to intercept the small party with me. As soon as the
speed of the thorough-bred on which I was mounted
brought me within hailing distance of Lieutenant Custer s
k oop, I directed that officer to quickly throw forward a
dismounted line of troopers, and endeavor to empty a few
Indian saddles. The order was obeyed with the greatest
alacrity, and as the Sioux came dashing forward, expect
ing to ride down the squadron, a line of dismounted
cavalrymen rose from the grass and delivered almost in
the faces of the warriors a volley of carbine bullets which
broke and scattered their ranks in all directions, and sent
more than one Sioux reeling from the saddle. This check
gave us time to make our dispositions to resist the sue.
ceeding attacks, which we knew our enemies would soon
make upon us. The great superiority of our enemies in
numbers, the long distance separating us from the main
command, and the belief, afterwards verified, that the
woods above us still concealed a portion of the savage
forces, induced me to confine my movements, at first,


strictly to the defensive. The entire squadron (except the
horse-holders) was dismounted and ordered to fight on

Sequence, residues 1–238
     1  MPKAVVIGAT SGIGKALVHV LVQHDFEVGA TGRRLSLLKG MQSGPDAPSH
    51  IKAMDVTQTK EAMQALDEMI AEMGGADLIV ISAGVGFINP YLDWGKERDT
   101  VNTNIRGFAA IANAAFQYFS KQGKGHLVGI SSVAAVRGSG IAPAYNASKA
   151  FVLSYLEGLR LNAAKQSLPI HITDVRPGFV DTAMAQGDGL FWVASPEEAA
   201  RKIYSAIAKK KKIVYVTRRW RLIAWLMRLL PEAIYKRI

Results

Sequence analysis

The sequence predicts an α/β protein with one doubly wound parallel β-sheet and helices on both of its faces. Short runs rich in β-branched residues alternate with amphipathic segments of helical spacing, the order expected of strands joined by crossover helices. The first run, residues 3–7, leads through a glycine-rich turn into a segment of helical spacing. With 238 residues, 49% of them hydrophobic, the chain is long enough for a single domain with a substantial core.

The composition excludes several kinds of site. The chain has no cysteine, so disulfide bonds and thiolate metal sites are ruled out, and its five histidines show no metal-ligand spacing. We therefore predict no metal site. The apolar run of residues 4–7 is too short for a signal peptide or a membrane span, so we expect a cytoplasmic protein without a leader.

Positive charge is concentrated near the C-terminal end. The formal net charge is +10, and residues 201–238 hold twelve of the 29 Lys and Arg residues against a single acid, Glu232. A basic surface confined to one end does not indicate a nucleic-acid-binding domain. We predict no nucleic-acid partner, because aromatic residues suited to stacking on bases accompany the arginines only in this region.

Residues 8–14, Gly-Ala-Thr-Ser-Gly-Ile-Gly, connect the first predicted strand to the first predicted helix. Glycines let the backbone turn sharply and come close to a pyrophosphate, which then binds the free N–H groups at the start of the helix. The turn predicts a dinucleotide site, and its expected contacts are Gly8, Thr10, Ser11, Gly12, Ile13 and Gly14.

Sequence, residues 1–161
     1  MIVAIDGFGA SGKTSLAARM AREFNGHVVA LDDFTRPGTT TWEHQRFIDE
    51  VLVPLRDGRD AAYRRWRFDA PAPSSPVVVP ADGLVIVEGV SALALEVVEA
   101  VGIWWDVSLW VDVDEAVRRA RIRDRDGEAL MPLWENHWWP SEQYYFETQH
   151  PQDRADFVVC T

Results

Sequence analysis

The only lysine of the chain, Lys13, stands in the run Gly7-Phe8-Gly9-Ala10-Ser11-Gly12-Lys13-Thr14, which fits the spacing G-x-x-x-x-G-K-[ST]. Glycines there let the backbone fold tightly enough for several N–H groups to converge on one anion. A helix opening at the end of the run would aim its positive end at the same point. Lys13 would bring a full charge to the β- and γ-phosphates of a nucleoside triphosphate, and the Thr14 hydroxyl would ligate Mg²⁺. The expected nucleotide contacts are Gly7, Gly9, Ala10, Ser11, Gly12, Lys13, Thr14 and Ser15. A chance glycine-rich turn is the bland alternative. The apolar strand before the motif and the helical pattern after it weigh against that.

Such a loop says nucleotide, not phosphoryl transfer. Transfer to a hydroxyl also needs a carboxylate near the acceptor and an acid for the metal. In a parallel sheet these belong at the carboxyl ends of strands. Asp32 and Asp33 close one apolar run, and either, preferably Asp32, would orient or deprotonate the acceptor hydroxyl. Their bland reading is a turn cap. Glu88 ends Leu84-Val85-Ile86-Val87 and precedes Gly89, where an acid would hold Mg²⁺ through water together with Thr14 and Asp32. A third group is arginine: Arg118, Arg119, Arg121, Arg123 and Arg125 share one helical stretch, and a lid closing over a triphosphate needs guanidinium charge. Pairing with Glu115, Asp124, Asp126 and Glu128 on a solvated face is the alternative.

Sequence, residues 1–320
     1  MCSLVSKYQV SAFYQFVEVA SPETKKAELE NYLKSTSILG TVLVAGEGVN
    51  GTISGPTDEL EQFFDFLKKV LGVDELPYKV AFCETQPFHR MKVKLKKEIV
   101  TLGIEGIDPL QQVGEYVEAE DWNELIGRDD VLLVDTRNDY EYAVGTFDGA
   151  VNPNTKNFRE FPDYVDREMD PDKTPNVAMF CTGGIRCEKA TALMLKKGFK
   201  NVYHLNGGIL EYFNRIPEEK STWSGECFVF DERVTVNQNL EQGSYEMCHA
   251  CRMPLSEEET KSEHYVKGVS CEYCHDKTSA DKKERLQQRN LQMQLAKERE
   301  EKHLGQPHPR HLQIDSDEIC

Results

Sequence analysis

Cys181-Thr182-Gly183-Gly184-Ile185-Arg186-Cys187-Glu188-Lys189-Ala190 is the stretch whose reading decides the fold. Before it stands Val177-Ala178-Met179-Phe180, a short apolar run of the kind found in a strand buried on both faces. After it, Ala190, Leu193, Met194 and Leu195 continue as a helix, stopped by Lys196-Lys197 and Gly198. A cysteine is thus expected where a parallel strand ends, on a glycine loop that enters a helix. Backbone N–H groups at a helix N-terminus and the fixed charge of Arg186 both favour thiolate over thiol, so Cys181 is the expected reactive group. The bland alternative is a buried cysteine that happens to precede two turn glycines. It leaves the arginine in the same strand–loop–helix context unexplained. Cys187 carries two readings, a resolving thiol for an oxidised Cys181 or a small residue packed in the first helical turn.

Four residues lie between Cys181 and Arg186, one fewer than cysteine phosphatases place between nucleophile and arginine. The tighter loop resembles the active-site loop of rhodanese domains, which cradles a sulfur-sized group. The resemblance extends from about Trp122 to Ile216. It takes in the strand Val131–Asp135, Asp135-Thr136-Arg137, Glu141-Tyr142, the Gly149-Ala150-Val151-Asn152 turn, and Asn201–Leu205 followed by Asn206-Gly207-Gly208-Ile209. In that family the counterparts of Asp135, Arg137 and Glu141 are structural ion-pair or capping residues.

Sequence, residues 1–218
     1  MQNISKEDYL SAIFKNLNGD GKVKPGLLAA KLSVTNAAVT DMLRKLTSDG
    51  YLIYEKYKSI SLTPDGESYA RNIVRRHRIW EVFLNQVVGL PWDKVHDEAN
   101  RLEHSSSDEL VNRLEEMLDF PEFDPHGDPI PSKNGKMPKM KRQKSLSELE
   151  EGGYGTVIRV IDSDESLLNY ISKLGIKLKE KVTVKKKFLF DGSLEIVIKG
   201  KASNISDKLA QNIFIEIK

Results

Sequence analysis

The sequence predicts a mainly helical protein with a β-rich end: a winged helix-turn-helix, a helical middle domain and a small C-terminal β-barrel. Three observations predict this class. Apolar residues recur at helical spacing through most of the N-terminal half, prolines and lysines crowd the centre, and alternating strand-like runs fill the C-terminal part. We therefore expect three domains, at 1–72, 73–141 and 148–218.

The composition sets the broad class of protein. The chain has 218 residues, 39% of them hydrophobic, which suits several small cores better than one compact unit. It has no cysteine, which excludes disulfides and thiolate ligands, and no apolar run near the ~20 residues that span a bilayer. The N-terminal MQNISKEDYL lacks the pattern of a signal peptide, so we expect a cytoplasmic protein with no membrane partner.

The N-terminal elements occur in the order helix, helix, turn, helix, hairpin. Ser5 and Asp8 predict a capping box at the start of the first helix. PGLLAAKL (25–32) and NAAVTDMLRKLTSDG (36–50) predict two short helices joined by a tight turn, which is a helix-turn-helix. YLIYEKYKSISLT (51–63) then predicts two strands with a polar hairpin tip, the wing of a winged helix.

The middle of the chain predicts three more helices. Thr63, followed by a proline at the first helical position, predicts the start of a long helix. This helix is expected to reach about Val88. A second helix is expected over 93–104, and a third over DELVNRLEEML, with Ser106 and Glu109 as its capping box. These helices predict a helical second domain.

.foot. The Indians outnumbering us almost five to one,
were enabled to envelope us completely between their
lines formed in a semicircle, and the river which flowed
at our backs. The little belt of timber in which we had
been first attacked formed a very good cover for our led-
horses, while the crest of a second table-land, convenient
ly located from the timber, gave us an excellent line of
defense. The length of our line and the numbers of the
enemy prevented us from having any force in reserve ;
every available officer and man was on the skirmish-line,
which was really our line of battle, even the number of
men holding horses had to be reduced, so that each horse-

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Online LibraryAmi Frank MulfordFighting Indians in the 7th United States Cavalry : Custer's favorite regiment → online text (page 9 of 11)